Some time ago a poem came to me. It came late at night and it came all in one piece and it came with such force that it woke me. Sometimes when this happens I have to get up and write it down so it doesn’t vanish or become a faded echo of what it was when it arrived. This time I just said Thank You and rolled over and went back to sleep. I knew this poem wasn’t going anywhere. It doesn’t have a title. It doesn’t need one.
I will stand in the sun
wearing nothing but sunlight.
I will stand in the rain
wearing nothing but rain.
I will stand in the wind
and let it rustle my spirit.
I will stand in the dark
and wear nothing but
Maybe it wasn’t a poem. Maybe it was a prophecy.
I stumbled across the Embody Project by accident. I was web-surfing and I read something that made a reference to it. So I looked it up. After a few clicks I felt like I had hit the jackpot. I found like-minded people. And they were naked. Evidence that there were more of my kind out there. I had suspected it, but till now had lacked the proof. And I knew that I wanted to be a part of it.
I do not possess a physically perfect body. I was born with a mosaic of birth defects that, throughout my childhood and pre-teen years, required multiple surgical and therapeutic interventions. I don’t want to bore you with the details but I will hit the high points for you.
My feet pointed in the wrong directions. My left foot was pretty nearly backwards. The heel was facing the way the toes should be. The right foot was twisted so that, on a clock’s face, the heel pointed at three o’clock and the toes pointed at nine. My right hand was misshapen. It was too small and the fingers were twisted, crooked, and, in places, joined by webs of skin. Much of the muscle mass on the right side of my chest was missing. No significant pecs on that side, and where there should have been a nipple there was just a little brown dot.
The docs fixed everything that could be fixed as well as it could be done with the technology available between 1958 and 1970. They did good work and I cannot imagine my life without what they were able to do for me. I was left with a few things that could be made functional but could not be made cosmetically perfect. And I’m OK with that.
As a kid I remember being confused about the differences between me and everyone else I knew. But I was raised to be a fighter. My parents and my brothers simply made me know that what you can do is more important that what you can’t do. And I was taught that I could do nearly anything if I simply tried hard enough. As a kid I played every sport that the other kids played. Sometimes not as well, but often more fervently. As an adult I became a gym rat, and I have ridden my bike thousands of miles.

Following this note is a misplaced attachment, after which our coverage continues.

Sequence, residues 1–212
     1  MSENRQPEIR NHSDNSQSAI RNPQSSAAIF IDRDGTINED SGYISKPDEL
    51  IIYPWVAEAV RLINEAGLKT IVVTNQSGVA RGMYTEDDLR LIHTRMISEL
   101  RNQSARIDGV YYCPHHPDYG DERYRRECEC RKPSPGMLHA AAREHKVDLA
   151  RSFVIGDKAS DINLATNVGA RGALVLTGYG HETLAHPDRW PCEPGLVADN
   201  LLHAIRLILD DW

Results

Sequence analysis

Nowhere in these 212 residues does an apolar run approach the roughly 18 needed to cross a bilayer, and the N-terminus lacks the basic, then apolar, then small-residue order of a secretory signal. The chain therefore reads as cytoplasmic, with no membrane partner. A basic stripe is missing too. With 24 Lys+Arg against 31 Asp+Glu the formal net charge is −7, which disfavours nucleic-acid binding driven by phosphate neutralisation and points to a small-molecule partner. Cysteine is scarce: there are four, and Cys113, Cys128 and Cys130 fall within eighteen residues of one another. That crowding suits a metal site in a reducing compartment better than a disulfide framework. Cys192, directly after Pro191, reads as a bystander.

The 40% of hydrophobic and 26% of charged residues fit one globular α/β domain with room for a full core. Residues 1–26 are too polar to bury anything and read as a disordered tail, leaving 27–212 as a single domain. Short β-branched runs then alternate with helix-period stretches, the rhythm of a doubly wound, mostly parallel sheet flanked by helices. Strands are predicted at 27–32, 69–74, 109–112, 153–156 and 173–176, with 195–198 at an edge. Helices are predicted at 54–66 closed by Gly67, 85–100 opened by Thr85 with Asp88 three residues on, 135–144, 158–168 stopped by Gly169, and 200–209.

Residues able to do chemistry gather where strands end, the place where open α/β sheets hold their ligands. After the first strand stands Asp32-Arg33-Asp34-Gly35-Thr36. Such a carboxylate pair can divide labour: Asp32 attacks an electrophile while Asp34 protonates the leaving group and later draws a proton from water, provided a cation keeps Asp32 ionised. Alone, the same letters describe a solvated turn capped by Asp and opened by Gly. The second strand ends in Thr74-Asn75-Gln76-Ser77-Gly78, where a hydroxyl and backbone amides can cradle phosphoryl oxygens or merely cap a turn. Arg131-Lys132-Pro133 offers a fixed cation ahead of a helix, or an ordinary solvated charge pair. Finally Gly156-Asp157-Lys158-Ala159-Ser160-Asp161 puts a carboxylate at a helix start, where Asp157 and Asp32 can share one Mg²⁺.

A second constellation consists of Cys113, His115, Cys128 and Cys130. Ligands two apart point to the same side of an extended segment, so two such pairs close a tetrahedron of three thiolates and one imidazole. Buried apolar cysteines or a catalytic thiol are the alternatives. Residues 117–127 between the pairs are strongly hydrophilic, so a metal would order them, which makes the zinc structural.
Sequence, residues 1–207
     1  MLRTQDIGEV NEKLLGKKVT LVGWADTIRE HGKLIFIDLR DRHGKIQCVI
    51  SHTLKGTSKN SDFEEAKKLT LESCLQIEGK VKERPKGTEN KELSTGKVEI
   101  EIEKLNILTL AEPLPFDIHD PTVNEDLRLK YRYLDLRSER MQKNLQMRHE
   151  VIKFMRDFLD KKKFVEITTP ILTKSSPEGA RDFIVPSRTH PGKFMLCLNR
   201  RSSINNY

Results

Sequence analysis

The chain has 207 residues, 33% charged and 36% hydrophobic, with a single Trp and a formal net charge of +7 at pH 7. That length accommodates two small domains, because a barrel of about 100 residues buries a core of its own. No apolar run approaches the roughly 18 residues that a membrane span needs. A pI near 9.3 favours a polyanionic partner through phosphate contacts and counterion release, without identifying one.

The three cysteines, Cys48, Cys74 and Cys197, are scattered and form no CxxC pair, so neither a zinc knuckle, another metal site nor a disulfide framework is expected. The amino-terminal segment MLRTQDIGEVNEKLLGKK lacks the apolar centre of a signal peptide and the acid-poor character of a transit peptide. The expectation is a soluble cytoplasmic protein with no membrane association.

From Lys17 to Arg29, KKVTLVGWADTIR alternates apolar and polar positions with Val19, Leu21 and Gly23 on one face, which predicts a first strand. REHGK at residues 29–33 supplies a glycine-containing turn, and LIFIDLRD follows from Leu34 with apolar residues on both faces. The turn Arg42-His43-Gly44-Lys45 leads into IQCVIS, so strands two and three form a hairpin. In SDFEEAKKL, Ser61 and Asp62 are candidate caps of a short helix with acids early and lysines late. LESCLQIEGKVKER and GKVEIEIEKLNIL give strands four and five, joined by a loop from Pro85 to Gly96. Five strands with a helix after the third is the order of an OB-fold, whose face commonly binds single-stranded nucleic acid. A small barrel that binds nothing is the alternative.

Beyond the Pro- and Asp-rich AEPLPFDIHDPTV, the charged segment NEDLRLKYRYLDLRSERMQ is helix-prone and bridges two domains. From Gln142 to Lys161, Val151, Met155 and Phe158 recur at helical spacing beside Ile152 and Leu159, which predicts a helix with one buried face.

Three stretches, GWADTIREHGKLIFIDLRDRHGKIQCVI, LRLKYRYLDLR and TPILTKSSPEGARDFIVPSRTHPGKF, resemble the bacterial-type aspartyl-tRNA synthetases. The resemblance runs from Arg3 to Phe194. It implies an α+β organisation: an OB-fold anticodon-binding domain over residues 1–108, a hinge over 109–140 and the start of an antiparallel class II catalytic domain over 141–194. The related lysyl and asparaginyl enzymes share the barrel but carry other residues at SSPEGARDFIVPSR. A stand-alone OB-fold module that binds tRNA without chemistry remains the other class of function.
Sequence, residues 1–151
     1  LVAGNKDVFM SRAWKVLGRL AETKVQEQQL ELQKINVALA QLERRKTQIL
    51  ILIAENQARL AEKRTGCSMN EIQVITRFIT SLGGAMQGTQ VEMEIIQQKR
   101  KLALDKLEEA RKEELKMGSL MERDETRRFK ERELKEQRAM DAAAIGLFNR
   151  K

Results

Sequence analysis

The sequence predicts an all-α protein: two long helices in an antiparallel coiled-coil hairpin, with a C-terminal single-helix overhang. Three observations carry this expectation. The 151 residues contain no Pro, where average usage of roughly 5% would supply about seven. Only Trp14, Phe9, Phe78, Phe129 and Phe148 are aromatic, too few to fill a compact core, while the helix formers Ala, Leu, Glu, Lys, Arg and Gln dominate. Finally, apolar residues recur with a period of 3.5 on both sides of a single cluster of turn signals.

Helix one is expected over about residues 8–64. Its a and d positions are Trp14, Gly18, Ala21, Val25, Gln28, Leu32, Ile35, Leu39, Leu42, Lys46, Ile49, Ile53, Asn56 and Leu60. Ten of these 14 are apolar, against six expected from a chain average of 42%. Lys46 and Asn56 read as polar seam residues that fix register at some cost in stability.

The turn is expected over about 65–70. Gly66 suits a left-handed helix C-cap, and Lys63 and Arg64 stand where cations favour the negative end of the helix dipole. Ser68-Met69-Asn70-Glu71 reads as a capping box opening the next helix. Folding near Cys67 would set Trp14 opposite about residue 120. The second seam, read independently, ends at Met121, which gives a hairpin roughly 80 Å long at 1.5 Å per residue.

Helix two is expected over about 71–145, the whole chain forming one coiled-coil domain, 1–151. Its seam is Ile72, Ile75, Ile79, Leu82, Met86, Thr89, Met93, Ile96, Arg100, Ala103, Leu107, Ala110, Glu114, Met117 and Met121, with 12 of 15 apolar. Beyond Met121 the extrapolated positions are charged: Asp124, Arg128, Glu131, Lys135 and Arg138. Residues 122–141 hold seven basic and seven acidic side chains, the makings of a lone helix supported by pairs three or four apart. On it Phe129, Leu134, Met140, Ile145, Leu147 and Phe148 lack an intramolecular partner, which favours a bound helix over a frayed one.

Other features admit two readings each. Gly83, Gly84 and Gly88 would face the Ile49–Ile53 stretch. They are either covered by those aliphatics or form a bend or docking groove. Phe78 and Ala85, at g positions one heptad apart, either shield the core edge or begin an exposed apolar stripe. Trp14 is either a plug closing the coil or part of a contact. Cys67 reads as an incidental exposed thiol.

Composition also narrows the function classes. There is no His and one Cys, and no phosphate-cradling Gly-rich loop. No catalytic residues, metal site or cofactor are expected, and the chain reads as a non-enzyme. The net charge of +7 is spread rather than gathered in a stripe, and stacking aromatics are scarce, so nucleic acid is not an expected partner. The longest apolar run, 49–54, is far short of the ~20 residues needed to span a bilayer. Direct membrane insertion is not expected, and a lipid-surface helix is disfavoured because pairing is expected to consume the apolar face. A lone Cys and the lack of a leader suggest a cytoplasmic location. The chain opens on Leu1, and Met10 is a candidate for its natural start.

I have had my struggles with body issues. I have felt different. It has been a long ride, but I am pretty much past all that now.
I think I have done the best I can with what I was given.
So I have no problem with being naked or being seen naked. In fact, I kind of like it. After my initial meeting with Erica I counted the days till our photo session the way a kid looks toward Christmas.
We had to cancel our first date because the temperature was mired in single digit numbers… with harsh wind. When the second date rolled around the weather was better: Cold and rainy but not life-threatening.
The site chosen for this shoot was an old, rustic cabin near the end of a dirt road. Logs, chinking, bare floorboards. Tin roof. Stone chimney. The woods around the cabin are filled with trails and secrets.
When it was time to go outside, I stood beside the space heaters in the kitchen, removed my clothes, wrapped myself in a blanket, and stepped out into the January-in-the-North Carolina-mountains afternoon.
We shot off-and-on for a couple of hours. I was cold and wet. Erica was cold and wet. Trey was cold and wet. We would shoot for 15 or 20 minutes then retreat to the kitchen and huddle by the heaters. Then we would go back outside and do it again.
The camera clicked.
The rain fell.
I was naked outdoors.
It was damn near perfect.